President Joe Biden is commemorating Transgender Day of Visibility by celebrating prominent transgender Americans and advocating against what his administration terms "dangerous anti-transgender legislative attacks" that have passed in statehouses across the country.
Biden on Thursday is announcing new measures aimed at making the federal government more inclusive for transgender people, including a new "X" gender marker on U.S. passport applications beginning on April 11 and new Transportation Security Administration scanners that are gender-neutral.
The Democratic president's administration is working to expand the availability of the "X" gender marker to airlines and federal travel programs and will make it easier for transgender people to change their gender information in Social Security Administration records.
Visitors to the White House will soon also be able to select an "X" gender marker option in the White House Worker and Visitor Entry System, which is used to conduct screening background checks for visitors to the executive mansion.
"Transgender Americans continue to face discrimination, harassment, and barriers to opportunity," Biden wrote in a proclamation marking the day. "In the past year, hundreds of anti-transgender bills in States were proposed across America, most of them targeting transgender kids. The onslaught has continued this year. These bills are wrong."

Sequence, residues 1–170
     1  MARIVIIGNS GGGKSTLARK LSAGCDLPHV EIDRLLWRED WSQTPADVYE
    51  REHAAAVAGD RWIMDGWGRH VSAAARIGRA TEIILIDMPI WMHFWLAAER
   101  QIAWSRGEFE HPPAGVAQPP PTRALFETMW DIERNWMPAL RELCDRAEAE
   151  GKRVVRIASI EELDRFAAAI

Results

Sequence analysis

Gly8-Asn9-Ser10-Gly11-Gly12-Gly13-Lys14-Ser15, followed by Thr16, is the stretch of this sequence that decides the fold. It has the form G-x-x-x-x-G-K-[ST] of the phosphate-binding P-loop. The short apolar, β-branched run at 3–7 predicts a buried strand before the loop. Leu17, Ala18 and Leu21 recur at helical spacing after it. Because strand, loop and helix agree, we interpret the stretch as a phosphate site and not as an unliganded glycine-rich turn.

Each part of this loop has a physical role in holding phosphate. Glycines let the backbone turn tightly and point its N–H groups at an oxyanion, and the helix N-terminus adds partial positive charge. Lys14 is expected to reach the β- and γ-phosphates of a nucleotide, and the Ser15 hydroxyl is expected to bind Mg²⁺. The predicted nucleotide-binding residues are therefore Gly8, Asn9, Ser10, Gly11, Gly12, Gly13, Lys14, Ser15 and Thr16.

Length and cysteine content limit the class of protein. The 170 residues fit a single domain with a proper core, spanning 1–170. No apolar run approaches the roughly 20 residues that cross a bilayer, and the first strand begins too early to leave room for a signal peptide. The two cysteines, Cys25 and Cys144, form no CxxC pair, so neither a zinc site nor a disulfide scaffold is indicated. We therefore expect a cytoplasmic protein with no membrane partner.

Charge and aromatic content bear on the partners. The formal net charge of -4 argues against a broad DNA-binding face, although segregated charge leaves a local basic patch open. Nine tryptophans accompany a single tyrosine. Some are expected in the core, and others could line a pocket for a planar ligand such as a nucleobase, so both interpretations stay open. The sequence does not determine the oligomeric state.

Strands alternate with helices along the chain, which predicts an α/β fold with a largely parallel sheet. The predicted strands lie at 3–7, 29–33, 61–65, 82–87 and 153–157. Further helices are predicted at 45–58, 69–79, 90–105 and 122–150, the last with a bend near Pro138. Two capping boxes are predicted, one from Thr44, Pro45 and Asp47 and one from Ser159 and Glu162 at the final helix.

Biden also planned to release a video message to transgender Americans on Thursday.
"Jeopardy!" champion Amy Schneider, the first openly transgender winner on the quiz show, will visit the White House on Thursday to meet with second gentleman Doug Emhoff. Emhoff, along with Admiral Rachel Levine, the assistant secretary for health at the Department of Health and Human Services, will also host a conversation with transgender kids and their parents at the White House.
In Florida, Education Secretary Miguel Cardona will meet with LGBTQ+ students in the wake of the state's new law that bars instruction on sexual orientation and gender identity in kindergarten through the third grade. Republicans argue that parents should broach these subjects with children. Democrats have said the law demonizes LGBTQ people by excluding them from classroom lessons.
"Their conversation will focus on the impacts of Florida's so-called 'Don't Say Gay' bill, students' experiences at school and, in particular, support for LGBTQI+ student mental health and well-being," the White House said.
HHS, the White House said, will also be the first agency to fly a trans pride flag.